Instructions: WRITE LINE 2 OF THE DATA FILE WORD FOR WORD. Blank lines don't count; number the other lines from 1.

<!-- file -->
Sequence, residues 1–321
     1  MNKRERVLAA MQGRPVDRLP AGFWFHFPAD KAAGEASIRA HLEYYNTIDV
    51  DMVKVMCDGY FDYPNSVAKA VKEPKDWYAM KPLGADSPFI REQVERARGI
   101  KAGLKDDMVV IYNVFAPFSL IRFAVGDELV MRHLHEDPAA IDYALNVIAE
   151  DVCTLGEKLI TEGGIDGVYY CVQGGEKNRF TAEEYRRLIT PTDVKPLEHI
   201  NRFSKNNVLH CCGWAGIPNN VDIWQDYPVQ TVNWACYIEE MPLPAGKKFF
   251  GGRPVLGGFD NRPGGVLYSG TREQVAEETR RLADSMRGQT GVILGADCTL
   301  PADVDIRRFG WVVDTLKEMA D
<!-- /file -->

     1  MNKRERVLAA MQGRPVDRLP AGFWFHFPAD KAAGEASIRA HLEYYNTIDV